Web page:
It’s always easy to tear a translation apart, and the easiest kind of translation to tear apart is poetry. Vladimir Nabokov, who lived multilingually and thought a lot about translation, was one of the best, and funniest, critics of other people’s renditions of Russian classics into English—as can be seen now in his ”Art of Translation”, a article from 1941 available on The New Republic’s website.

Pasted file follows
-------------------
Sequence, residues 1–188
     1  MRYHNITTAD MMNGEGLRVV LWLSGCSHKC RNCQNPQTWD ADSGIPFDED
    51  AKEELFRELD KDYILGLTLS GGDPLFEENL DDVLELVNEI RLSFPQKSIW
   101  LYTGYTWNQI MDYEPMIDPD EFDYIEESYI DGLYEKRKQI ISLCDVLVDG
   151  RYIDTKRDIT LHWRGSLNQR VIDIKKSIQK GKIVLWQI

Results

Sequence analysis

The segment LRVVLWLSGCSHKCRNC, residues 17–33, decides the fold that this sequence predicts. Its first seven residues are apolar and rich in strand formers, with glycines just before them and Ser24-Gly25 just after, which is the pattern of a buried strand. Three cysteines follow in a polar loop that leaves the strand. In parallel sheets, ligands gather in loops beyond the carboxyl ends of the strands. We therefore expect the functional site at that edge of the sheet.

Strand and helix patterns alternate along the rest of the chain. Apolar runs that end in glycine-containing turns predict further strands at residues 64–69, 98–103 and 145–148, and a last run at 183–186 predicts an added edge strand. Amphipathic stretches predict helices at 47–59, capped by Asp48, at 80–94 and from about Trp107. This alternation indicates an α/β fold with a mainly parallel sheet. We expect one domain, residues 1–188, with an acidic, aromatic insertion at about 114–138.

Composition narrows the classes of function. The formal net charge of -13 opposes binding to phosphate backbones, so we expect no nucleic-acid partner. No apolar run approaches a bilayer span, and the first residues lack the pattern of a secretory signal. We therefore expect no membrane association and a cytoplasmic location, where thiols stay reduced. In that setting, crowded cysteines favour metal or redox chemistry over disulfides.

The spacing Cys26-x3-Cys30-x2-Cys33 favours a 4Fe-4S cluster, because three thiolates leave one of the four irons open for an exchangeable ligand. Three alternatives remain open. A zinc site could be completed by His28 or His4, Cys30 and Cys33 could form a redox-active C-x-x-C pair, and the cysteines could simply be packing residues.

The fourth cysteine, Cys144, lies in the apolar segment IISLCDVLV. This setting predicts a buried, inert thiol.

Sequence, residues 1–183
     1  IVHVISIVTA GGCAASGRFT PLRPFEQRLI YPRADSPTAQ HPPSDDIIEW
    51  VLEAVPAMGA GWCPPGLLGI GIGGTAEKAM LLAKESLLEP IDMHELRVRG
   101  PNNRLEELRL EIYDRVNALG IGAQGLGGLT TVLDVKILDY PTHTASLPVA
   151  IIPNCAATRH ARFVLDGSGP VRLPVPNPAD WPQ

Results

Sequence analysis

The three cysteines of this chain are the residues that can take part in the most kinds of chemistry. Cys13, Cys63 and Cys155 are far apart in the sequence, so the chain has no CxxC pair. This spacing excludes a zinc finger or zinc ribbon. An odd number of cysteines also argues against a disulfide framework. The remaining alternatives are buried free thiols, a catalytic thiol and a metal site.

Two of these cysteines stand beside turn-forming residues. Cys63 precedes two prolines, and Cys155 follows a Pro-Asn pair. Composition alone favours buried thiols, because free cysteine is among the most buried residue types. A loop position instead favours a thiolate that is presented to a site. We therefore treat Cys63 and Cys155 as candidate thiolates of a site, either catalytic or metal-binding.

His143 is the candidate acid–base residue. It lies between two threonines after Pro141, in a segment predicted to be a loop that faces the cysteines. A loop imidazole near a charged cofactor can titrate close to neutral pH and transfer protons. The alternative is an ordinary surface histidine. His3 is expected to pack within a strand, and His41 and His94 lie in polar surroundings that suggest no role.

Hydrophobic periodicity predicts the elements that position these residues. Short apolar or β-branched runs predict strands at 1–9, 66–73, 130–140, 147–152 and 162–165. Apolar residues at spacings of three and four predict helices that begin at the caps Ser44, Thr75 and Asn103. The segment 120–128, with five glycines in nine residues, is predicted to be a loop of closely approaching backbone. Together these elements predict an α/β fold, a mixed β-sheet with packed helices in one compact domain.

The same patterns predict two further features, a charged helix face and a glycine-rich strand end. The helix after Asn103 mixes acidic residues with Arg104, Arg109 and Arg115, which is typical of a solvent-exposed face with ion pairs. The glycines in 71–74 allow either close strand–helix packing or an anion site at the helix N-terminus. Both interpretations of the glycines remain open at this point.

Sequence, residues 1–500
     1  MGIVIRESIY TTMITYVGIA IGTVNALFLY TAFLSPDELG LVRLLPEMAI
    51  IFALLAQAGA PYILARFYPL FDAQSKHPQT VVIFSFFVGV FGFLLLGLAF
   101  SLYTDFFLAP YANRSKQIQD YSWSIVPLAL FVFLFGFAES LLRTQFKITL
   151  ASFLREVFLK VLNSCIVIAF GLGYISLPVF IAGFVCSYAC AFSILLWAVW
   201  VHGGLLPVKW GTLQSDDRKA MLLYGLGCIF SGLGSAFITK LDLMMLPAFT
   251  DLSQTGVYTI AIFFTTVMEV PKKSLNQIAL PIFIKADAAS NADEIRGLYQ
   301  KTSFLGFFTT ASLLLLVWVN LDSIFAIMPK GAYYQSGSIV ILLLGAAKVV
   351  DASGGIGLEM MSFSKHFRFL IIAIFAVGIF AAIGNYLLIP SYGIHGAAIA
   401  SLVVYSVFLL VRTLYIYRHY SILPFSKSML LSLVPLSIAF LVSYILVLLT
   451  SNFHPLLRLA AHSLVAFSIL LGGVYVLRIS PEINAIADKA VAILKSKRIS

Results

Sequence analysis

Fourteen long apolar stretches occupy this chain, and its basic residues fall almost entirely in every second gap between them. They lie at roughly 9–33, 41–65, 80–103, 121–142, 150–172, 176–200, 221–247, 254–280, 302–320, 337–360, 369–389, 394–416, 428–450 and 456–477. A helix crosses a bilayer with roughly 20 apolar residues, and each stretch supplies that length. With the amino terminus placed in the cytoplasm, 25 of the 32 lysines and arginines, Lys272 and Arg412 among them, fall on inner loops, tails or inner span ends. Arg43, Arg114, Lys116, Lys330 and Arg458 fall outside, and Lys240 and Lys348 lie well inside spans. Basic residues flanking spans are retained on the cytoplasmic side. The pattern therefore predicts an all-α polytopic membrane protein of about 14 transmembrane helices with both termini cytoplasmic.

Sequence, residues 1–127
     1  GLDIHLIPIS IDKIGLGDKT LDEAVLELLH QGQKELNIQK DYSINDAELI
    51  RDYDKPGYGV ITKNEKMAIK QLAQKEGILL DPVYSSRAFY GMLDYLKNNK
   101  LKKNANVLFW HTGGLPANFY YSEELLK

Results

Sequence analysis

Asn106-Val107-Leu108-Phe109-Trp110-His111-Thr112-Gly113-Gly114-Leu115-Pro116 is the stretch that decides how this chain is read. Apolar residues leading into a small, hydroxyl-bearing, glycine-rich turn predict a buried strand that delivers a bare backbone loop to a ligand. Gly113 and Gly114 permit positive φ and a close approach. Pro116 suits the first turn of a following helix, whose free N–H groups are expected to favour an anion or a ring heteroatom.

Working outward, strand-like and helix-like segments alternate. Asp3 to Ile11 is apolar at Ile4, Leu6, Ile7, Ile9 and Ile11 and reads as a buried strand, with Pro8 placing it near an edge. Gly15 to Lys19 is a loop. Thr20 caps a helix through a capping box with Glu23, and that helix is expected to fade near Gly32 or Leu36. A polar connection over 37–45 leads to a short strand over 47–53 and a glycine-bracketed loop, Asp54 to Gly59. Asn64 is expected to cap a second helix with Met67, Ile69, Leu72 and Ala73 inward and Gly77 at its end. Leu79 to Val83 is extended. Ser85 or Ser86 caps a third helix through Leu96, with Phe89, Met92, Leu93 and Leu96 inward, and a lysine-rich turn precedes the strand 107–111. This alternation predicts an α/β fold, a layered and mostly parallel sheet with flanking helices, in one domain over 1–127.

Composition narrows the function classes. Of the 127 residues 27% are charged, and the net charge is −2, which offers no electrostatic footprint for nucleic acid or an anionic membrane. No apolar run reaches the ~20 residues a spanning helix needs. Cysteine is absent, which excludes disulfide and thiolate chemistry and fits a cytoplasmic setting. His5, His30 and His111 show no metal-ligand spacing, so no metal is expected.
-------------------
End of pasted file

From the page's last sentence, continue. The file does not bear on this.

But Nabokov’s translation of Pushkin, which he mentions working on in this piece, didn’t come off so well, because he got overly concerned about following rules he set for himself. Any translation of a poem has to give up on entire swathes of what makes the verse intriguing and worth reading in the original, but it can’t work on any level if it doesn’t stand as a poem on its own terms. But to do that, as Nabokov notes, the translator needs to see the world, as best he can, through the poet’s eyes.
A mistake of that sort came up in an evening on the classic Israeli poet Leah Goldberg that I attended last week.